Makine here is as good as Stendhal - or Tolstoy ... [he is] storyteller, teacher, and enchanter most of all. I would rather read him than anyone else now writing, and then reread him. I think this is his best book so far.
Beautifully paced and filled with a lyricism that weaves reality and fantasy into a far bigger picture ... engrossing
Geoffrey Strachan's strong and graceful translation of a novel written in French manages to let its Russian soul shine through. "A Life's Music" exchanges the lushness of Makine's earlier work ... for the fiercer pleasures of concise storytelling. This is Makine's art
With matchless delicacy and economy ... Makine presents a movingly detailed history of survival, adaption and bitter disillusionment ... perfectly conceived and controlled. Its graceful narrative skilfully blends summarized action with powerfully evocative images charged with strong understated emotion ... masterly
[An] elegant, heart-rending little gem of a work ... entirely fresh and necessary. Highly recommended.
A Life's Music again proves Makine to be a very fine craftman.
Makine makes fresh images that are also profound and poignant, and this gives his portrait of a life derailed by history an irresistible authority.
A tale of war, heartbreak and survival. Both powerful and graceful, it has...depth and scope.
True to Makine's exquisite and haunting work, with its characteristic atmosphere born of pain and philosophy, this magnificent elegy of loss evokes the sheer size, mystery and chaos that is Russia.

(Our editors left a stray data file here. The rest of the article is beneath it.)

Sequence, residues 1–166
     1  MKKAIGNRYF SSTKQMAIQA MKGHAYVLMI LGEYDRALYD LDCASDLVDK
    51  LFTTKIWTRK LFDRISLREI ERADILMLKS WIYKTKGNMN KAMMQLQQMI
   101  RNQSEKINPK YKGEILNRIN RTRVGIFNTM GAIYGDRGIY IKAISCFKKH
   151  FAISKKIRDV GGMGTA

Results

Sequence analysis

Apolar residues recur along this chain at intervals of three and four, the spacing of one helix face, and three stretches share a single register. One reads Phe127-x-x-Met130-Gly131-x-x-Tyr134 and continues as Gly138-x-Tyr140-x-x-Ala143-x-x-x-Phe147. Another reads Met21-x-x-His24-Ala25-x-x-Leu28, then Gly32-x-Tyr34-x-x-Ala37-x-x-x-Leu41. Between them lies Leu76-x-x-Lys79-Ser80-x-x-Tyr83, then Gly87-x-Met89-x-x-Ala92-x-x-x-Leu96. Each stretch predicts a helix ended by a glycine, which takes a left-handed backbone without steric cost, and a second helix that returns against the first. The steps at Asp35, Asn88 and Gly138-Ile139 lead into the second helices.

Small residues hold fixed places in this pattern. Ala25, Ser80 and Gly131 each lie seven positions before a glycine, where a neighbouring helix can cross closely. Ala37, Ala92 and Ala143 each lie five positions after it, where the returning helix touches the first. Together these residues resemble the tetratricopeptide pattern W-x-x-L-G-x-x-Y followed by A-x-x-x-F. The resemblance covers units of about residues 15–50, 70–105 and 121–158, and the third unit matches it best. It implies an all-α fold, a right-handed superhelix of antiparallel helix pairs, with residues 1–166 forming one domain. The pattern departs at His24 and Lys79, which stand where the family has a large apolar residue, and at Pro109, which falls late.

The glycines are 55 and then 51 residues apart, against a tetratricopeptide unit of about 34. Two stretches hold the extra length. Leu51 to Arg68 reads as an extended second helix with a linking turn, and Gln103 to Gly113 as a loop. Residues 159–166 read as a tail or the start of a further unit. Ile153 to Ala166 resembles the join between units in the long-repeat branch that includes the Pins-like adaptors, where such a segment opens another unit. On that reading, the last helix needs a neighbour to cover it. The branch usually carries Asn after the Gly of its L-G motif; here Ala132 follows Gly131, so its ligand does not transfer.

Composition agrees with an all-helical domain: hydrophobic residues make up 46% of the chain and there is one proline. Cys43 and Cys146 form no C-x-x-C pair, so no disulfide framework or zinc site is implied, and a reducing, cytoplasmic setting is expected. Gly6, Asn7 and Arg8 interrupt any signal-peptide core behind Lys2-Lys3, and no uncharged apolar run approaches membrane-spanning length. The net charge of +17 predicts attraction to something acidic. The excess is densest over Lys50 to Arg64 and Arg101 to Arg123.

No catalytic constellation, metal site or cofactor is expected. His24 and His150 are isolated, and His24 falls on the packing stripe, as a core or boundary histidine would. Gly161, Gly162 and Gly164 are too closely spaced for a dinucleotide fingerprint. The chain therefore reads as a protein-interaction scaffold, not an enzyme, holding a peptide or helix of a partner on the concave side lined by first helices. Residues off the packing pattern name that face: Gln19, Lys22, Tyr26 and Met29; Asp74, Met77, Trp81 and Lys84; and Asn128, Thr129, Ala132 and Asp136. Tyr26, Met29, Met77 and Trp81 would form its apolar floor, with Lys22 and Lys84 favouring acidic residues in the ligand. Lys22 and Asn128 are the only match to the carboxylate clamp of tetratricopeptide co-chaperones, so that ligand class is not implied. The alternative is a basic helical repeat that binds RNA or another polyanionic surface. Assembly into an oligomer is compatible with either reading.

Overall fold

The writing remains both poignant and subtle with the nuances of living a secret life given both colour and gravitas. A Life's Music makes for a fascinating - if all too brief - read.
This is truly a book to treasure.
No contemporary writer has expressed his simultaneous love of Russia and hatred of Communism as eloquently as Andrei Makine, and this exquisite, poignant novella is one of his most satisfying works
An unforgettable testament to the indestructibility of the human spirit.
Avoiding a heavy-handed treatment of Russian history, in little more than 100 pages Makine succeeds not only in condensing the life and loves of one man, but in capturing the fear that pervaded everyday life in Stalin's Soviet Union. It is the perfect riposte to anyone who believes that great Russian literature must be unwieldy and crammed with a cast of thousands